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  • Writer's picturePeg Larkin

Filling The Space Between

You come to me at the strangest times. I smell spaghetti sauce drifting from the neighbor’s house on a Monday evening walk with the dog, and I’m back in our little house on McKinley Terrace, with the hunger of a gangly, skinny teenager, sitting at the supper table.

The other day, however, something altogether different happened. My teacher asked us to imagine our own hands as those of a loved one embracing us, and there you were, enveloping me while I laid on my yoga mat, in our son’s empty bedroom. It was a gift of seconds, a hiccup really, like the silvery slice of breath that catches in the back of the throat. The unexpected is that miraculous.

“Seeing” my mother in the particles of light and energy floating in the air around me, was ethereal. She dissipated as quickly as my next thought, yet I clung to the warmth of that moment, reached for her like a veil of mist, even as she slipped through my fingers. The mind always calls for something solid.

This world and our lives in it are rooted in the physical. We plant our feet into the earth, and marvel at the gravity that holds us there. We reach out and touch each other, feel the skin and the muscle, press our palm against the beating heart, the warmth of blood coursing through our veins. We feel, in each other, the scientific, indisputable evidence of our collective presence. Until we can’t. Physical connection in the midst of a pandemic is something akin to summoning spirits, unsatisfying and often fleeting.

We’ve all had to redefine what it means to be in relationship with one another, as we learn how to connect in ways that feel physical, even when they cannot BE physical. We encircle our arms around air to create the latest incarnation of affection: the virtual hug. We talk between closed doors, wave through windows. We squint at fuzzy computer screens, stumbling over awkward pauses and taped delays. We mask up and step back, back, back…even as we yearn to uncover our smiles and run forward, into each other’s arms.

These days, I lasso my emotional connection to my adult children, pull them toward me through texting and phone calls, and meals delivered on doorsteps. Our children’s conscientious separation; their fear and anxiety-- the responsibility they feel toward us, this is a newfound love of another kind. I bask in their empathy with such maternal pride, but, even so, I miss their warmth, and I worry how this world, this year, will mark them.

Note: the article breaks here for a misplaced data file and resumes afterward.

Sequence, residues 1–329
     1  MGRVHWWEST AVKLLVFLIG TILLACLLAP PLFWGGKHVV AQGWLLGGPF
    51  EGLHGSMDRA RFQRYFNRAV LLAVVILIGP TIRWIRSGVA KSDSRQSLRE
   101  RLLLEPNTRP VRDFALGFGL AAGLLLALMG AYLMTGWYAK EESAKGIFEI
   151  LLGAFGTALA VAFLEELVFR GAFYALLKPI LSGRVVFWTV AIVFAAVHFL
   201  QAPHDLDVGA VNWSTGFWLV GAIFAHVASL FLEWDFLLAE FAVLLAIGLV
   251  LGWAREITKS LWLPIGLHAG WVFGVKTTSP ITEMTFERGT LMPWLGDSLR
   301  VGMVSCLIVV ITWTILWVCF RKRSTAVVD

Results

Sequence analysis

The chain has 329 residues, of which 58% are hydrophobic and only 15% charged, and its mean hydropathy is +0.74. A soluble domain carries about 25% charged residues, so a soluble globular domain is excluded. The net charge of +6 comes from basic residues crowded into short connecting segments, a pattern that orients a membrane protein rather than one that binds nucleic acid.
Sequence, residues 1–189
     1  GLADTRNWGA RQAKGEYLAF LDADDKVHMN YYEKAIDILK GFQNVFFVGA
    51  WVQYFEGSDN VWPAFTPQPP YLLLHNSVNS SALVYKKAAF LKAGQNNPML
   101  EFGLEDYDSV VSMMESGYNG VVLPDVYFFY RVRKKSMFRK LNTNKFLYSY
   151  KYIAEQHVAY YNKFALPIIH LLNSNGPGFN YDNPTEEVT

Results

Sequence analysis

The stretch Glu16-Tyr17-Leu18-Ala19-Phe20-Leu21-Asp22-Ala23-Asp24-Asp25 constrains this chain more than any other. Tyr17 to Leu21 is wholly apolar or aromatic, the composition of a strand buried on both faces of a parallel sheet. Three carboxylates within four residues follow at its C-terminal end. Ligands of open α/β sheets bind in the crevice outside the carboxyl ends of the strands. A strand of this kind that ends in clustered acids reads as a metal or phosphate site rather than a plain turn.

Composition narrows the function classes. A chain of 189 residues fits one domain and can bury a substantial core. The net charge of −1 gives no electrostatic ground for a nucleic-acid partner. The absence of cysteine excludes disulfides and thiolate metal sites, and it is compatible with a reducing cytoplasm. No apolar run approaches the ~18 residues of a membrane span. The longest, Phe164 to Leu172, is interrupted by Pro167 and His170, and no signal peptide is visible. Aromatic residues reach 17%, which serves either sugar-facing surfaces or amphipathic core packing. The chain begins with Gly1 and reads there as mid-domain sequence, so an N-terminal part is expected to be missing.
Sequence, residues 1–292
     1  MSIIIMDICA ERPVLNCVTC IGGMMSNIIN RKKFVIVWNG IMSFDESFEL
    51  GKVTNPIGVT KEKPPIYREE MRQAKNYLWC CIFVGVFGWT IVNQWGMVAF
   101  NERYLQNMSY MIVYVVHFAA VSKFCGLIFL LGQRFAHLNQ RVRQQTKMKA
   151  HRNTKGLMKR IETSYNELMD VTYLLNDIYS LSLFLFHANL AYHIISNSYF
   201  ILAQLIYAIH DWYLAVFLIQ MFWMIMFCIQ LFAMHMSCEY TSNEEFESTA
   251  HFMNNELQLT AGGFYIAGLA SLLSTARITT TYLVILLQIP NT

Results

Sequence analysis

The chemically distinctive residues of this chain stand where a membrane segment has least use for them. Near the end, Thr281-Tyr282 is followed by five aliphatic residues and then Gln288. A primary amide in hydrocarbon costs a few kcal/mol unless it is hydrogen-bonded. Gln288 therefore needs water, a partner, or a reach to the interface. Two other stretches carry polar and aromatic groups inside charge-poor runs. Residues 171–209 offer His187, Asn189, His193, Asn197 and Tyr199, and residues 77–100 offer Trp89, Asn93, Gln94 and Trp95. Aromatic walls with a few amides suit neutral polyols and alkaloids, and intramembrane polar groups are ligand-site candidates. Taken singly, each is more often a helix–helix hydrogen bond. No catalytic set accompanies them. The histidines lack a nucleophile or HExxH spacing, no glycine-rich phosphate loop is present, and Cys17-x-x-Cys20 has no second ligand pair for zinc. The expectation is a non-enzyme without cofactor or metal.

A dear friend and Reiki practitioner recently told me that she feels pulled, after a few years away, to pick up her practice again. I am not blessed with her gifts, but I can understand why those nurturing neurons are ready to burst out of her. The ability to truly touch someone, to impart healing energy, without physically laying hands upon them, has never been needed more.

My mother’s fleeting embrace just skimmed the surface of my loss, but it delivered a gift of perspective, and an aching, over-arching awareness. All of us, out there--WE are still here. Beloved family, dearest friends, we are still together, even as we are forced to retreat from each other. Like all the pathways within our bodies, channeling light and energy; like every spirit shining down from every star; like a mother’s virtual hug on a miraculous Tuesday morning during yoga; we are all still here, buzzing beneath the surface and beaming out into the universe. Our humanity, fragile and flawed, in this life and every realm to follow, collects us and connects us.

A shot in the arm (both literally and figuratively) is coming, and with it, a promise that points the way, back, back, back … into each other’s embrace. Until then, the Heart: that small, beautiful, pulsing muscle nestled within our ribs, transcending the physical with every single beat, will lead us forward, and fill the space between.


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